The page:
Over-speeding, footboard travelling, using mobile phones while driving, and drunken driving, rule the roads

‘Adhere to the road rules,' ‘wear helmets while riding two-wheelers,' ‘over speeding leads to fatal accidents,' ‘avoid drunken driving,' ‘violation of road rules will lead to loss of lives.'

These are some of the oft-repeated warnings issued by the police and transport department to members of the public at the Road Safety Week observed every year. Training programmes, awareness seminars and rallies, and honouring drivers for accident-free service, mark the yearly celebrations. The frequent violation of traffic rules by one and all , including the well educated and professionals, has been a cause of concern for law abiding citizens. What's more unsettling is the casual attitude exhibited by law enforcers towards serious traffic violations before their very eyes.

Over-speeding; footboard travelling; plying on the wrong side of the road; parking in no-parking areas; using mobile phones while driving; failure to use helmets; drunken driving; jumping traffic signals; and overloading of vehicles are some common violations. “Many precious lives are lost due to violations of road rules,” point out police and traffic department officials.

Even on bandh days and holidays accidents are reported and this only showed the reckless attitude of road-users, they say.

A majority of drivers continue to flout traffic rules right under the nose of police personnel, complains K.Mani of Khajamalai, a driver. No one seems to stick to the maximum speed limit of 30 km within the city. Private buses are often found plying at a speed of more than 80 km / hour even in busy city roads, he laments.

Showing scant respect to warnings, drivers continue to park their buses on the middle of the roads or away from the stops, causing traffic congestion. The State Transport Department has planned to redesign the conventional bus stops, especially those located at the proximity of traffic signals, such as Mambala Salai in Srirangam, Puthur four-road junction, and head post office junction.

“We have sought Corporation's assistance in this regard,” says S.Balasubramanian, Regional Transport Officer, Tiruchi.

Another common violation is jumping the signal, which can lead to major accidents. Frequent load shedding has rendered the electronic signals meaningless. The failure of the police to regulate traffic during power tripping at important points such as the Perumpidugi Mutharaiyar statue, district court and MGR statue junction, disquiets' law abiding citizens.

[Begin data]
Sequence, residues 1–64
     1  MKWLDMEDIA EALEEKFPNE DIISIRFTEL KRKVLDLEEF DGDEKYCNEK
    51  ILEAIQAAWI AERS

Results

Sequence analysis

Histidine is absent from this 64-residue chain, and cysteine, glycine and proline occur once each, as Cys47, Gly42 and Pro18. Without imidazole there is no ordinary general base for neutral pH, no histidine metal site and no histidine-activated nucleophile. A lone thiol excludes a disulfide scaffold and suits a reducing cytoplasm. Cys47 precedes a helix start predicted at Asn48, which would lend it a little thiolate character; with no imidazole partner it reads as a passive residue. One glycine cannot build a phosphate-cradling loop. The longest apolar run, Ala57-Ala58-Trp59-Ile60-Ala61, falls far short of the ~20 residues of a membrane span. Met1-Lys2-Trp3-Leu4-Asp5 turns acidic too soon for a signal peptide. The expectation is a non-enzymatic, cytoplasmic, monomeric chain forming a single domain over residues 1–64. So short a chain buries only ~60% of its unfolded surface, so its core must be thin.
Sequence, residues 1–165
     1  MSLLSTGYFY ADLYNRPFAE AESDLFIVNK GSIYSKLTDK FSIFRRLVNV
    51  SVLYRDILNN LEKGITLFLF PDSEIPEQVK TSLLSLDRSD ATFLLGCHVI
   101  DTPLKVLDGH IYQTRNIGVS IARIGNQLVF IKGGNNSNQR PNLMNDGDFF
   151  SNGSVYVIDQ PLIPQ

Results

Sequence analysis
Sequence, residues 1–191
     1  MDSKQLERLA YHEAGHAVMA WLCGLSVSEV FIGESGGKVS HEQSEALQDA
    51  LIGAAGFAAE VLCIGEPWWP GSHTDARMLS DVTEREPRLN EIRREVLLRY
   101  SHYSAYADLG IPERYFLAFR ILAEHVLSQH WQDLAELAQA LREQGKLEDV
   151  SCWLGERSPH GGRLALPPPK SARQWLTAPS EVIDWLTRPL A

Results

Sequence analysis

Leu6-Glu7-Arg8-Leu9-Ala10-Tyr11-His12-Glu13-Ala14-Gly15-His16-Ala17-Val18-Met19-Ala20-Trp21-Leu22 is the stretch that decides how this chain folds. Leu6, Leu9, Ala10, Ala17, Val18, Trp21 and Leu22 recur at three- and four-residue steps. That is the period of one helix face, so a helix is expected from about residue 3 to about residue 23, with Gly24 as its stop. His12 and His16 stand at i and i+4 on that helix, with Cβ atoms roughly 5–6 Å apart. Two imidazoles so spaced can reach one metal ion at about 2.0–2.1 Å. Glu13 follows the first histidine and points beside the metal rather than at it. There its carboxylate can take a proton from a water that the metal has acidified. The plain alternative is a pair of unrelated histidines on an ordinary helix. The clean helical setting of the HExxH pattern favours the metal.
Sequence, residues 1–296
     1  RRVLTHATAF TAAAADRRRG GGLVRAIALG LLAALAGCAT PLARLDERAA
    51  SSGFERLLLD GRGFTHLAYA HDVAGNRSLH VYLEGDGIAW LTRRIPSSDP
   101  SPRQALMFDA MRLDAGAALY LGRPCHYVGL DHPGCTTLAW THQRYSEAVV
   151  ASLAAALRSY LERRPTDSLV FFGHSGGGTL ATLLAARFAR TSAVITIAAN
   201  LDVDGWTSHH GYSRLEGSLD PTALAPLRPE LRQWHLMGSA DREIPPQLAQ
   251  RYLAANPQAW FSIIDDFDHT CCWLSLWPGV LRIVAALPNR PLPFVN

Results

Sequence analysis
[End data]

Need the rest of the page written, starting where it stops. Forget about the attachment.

Of late, the three persons riding on one two-wheeler is on the increase. Driving of two-wheelers by school students is yet another serious rule violation.

A rally by police personnel to create awareness on using helmets was flagged off by K.Sokkalingam, IG of Police, on Friday in the city. People are of the view that law enforcers must set an example by using the helmets positively while riding two-wheelers. They are more duty bound to observe traffic rules , they say and complain that none of the policemen wear helmets.

The police, the State transport department and the transport corporation officials agree in one voice that there was growing awareness among the members of the public on road safety .

However, this should not lead to complacency, reckons N. Pasupathi, General Manager, TNSTC, Tiruchi Region. The corporation has taken up a series of programmes to create awareness among the bus crew of the safety aspects and they have evoked good response.

The ever-growing volume of vehicles has been posing a serious challenge to traffic regulators. An estimated 40,000 new vehicles have been added to the city's vehicular might in 2011.

The steps initiated to regulate the traffic, include a master plan for setting up closed circuit television at 25 select locations in the city at an estimate of Rs.1crore, Mr. Balasubramanian says.

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